P Parizsa

University of Debrecen, Debreczyn, Hajdú-Bihar, Hungary

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Publications (3)3.46 Total impact

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    ABSTRACT: Waterbloom samples of Microcystis aeruginosa and Planktothrix agardhii were collected from a variety of ponds, lakes and reservoirs in Hungary. Samples were tested with matrix-assisted laser desorption/ionization - time-of-flight mass spectrometry (MALDI-TOF MS) to identify the microcystin forms. The concentration of the microcystins was measured with capillary electrophoresis and the toxicity was tested by sinapis test. DNA was extracted from the samples and tested using a range of primers linked to the biosynthesis of microcystin. All of the fourteen collected samples gave positive results for the presence of the mcy genes with PCR products with sizes between of 425 and 955 bp, respectively, indicating the presence of the genes implicated in the production of microcystins. The results showed that a wide range of microcystin (MC) forms were detected in the Microcystis containing samples, among which MC-LR, -RR, and -YR were the most common. The highest MC concentration was 15,701 mg g-1, which was detected in an angling pond. The samples containing Planktothrix agardhii were less toxic, and the most common form in this species was the Asp3-MC-LR.
    Acta Biologica Hungarica 06/2014; 65(2):227-39. · 0.50 Impact Factor
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    ABSTRACT: Saffron is an expensive spice, cultivated in many regions of the world. Its chief metabolites include crocins, which are responsible for the coloring ability, safranal, which is the main essential oil constituent, and picrocrocin which is the main bitter constituent of the spice. A simple micellar capillary electrochromatographic (MEKC) method capable of quantifying all three types of main constituents was established. The pH, sodium dodecyl sulphate (SDS) content and electrolyte concentration of the background electrolyte was optimized. A simple extraction protocol was developed which can extract all metabolites of different polarity from the saffron stigmas. Optimal background electrolyte composed of 20 mM disodium phosphate, 5mM sodium tetraborate, 100 mM SDS, pH was set 9.5. Optimal extracting solvent was the background electrolyte, incubated with the sample for 60 min. The proposed method allows quantification of picrocrocin, safranal, crocetin- Di-(β-D-gentiobiosyl) ester and crocetin (β-D-glycosyl)-(β-D-gentiobiosyl) ester within 17.5 min, with limit of detection values ranging from 0.006 to 0.04 mg/ml, from a single stigma.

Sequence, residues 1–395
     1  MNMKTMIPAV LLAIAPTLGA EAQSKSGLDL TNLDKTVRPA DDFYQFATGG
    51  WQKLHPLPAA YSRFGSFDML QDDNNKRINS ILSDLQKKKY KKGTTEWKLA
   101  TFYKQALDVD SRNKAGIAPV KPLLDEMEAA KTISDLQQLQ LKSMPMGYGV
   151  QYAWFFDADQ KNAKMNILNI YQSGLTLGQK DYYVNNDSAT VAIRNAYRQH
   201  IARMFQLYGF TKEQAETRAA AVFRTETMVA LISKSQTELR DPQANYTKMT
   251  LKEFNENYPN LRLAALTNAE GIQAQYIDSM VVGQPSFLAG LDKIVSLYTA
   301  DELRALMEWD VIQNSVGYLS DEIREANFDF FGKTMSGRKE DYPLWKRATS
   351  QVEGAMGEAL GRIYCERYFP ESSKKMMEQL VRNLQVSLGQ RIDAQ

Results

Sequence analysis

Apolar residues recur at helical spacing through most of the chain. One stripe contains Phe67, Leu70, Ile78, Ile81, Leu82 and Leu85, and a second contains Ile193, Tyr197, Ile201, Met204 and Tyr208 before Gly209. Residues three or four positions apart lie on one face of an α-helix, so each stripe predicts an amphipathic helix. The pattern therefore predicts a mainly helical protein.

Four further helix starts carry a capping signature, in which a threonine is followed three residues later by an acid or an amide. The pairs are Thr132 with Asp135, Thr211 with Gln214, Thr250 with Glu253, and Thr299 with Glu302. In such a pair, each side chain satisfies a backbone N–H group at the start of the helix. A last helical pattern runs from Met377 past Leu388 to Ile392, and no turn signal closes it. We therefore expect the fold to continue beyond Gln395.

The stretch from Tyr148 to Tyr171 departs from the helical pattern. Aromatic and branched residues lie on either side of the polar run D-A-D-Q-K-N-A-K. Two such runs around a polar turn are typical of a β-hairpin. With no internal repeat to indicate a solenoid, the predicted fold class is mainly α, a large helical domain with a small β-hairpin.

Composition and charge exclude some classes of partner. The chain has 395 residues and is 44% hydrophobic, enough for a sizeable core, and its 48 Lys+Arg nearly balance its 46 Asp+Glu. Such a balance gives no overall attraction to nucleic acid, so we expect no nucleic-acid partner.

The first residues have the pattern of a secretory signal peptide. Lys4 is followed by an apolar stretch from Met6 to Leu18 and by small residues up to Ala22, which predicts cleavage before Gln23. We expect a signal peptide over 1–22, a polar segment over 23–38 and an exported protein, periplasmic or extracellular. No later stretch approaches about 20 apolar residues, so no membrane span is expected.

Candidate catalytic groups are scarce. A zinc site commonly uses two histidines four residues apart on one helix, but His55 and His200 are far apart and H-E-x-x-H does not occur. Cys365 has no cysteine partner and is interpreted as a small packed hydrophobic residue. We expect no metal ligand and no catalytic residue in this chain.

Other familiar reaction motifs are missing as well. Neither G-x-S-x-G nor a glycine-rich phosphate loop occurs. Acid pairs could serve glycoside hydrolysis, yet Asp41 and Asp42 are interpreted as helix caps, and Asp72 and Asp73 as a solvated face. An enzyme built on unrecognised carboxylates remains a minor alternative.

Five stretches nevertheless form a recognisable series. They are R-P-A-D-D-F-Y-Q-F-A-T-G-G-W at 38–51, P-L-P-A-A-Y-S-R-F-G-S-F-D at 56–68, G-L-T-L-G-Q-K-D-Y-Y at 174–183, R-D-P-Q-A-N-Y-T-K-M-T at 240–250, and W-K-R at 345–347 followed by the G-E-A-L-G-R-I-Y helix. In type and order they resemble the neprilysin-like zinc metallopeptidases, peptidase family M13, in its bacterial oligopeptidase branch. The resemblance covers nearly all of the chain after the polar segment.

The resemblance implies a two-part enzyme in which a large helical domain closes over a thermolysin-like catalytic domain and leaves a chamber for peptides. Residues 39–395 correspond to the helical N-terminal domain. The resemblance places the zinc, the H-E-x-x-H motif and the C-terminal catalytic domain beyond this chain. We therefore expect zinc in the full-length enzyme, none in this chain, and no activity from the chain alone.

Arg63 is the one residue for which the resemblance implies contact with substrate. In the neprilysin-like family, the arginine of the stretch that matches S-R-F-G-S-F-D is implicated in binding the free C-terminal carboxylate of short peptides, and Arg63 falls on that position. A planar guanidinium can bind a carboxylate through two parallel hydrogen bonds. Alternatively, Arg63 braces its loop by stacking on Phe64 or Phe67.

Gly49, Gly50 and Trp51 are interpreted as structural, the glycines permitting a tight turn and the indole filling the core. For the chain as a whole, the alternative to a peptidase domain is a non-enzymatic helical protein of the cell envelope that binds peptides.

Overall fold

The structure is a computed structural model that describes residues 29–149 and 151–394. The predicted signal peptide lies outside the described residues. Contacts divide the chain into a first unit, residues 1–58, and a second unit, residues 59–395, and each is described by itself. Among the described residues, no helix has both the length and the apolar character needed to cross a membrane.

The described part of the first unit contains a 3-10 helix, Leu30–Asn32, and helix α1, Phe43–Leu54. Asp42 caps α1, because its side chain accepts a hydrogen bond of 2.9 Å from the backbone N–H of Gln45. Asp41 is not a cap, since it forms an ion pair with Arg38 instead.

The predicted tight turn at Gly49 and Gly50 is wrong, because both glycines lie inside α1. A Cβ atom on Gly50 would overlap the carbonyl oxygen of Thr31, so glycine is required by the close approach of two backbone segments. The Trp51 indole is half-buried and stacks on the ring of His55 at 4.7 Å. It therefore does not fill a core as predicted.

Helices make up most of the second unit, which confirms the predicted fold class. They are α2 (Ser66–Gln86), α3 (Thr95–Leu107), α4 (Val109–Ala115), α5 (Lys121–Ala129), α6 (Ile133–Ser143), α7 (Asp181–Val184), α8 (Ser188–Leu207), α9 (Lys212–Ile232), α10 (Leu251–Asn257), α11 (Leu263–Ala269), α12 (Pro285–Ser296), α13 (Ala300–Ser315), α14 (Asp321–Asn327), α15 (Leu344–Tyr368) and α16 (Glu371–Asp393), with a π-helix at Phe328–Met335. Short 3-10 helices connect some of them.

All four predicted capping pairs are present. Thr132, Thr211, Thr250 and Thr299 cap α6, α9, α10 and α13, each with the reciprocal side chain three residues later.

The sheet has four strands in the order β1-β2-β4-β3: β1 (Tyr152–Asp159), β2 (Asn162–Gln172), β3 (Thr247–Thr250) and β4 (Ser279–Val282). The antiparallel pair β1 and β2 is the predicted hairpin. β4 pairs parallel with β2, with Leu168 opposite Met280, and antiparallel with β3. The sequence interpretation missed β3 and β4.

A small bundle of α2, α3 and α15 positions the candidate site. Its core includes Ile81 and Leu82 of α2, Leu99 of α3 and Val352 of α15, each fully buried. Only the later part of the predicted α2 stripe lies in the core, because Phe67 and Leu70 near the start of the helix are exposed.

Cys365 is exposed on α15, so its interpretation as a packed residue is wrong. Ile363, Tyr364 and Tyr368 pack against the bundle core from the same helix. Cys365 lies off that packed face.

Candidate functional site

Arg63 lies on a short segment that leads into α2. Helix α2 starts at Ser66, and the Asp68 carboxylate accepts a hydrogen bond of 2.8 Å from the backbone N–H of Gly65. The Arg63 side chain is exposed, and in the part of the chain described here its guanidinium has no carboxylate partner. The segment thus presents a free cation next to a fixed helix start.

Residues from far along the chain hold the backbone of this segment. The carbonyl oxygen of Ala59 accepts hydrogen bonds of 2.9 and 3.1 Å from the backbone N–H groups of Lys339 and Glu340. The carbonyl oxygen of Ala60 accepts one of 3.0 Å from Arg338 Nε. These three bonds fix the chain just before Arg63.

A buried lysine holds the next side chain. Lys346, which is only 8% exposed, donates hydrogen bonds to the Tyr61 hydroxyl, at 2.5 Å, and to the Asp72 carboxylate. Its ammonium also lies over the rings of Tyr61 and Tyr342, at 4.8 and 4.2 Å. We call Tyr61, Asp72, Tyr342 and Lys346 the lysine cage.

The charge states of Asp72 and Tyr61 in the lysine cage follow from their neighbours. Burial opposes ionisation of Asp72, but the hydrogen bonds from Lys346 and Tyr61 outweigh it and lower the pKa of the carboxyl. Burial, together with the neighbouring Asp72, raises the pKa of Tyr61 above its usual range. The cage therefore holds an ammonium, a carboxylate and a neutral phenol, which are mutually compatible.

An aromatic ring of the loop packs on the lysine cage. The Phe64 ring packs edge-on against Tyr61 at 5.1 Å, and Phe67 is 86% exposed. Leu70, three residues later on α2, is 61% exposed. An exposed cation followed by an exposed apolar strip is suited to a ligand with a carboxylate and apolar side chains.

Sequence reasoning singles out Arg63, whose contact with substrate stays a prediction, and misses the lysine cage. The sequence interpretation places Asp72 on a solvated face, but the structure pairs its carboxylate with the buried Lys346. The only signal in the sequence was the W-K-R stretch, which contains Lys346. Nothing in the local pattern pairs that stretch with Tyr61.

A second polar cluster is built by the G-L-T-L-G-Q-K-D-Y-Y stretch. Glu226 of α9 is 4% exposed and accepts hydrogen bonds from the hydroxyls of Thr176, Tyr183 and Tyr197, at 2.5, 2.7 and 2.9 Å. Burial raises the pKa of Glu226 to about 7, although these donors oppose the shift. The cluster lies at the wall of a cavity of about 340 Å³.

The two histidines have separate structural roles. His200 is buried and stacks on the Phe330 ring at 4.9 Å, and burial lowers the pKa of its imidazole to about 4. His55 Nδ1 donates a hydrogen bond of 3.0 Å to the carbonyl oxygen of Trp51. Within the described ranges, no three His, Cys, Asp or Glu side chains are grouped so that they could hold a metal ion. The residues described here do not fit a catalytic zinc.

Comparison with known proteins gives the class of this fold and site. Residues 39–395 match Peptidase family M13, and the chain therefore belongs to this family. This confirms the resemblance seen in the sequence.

Journal of pharmaceutical and biomedical analysis 03/2012; 66:68-74. · 2.45 Impact Factor
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    ABSTRACT: Five species of Plantago genus, namely P. lanceolata, P. major, P. media, P. altissima and P. maritima were screened for iridoid content (CE-MEKC), total caffeoyl phenylethanoid glycoside (CPG) content and antioxidant activity (CUPRAC assay). The five species could be distinguished by TLC pattern analysis in a single run in a system commonly used for quality management of P. lanceolata leaves, as shown by cluster analysis of major bands; with the exception, that P. altissima and P. lanceolata did not show enough pattern difference to be fully separated. P. maritima was shown to have the highest antioxidant capacity (0.42 μmol ascorbic acid equivalent (AAE)/g DW), and the highest level of CPGs (4.29%). P. altissima was shown to be chemically indistinguishable from P. lanceolata with repsect to iridoid content (aucubin 0.55 ± 0.04%, 0.68 ± 0.23%, catalpol 0.66 ± 0.13% and 0.89 ± 0.22%, respectively), CPG content (2.40 ± 0.38% and 2.54 ± 0.56%, respectively) and antioxidant capacity (0.2206 ± 0.0290 and 0.2428 ± 0.0191 μmol AAEAC/g DW). The presented data show the potency of medicinal use of Hungarian wild populations of the studied five species, especially in the case of P. maritima, and that P. altissima can be a potential replacement of P. lanceolata in herbal mixtures.
    Acta Biologica Hungarica 01/2010; 61 Suppl:25-34. · 0.50 Impact Factor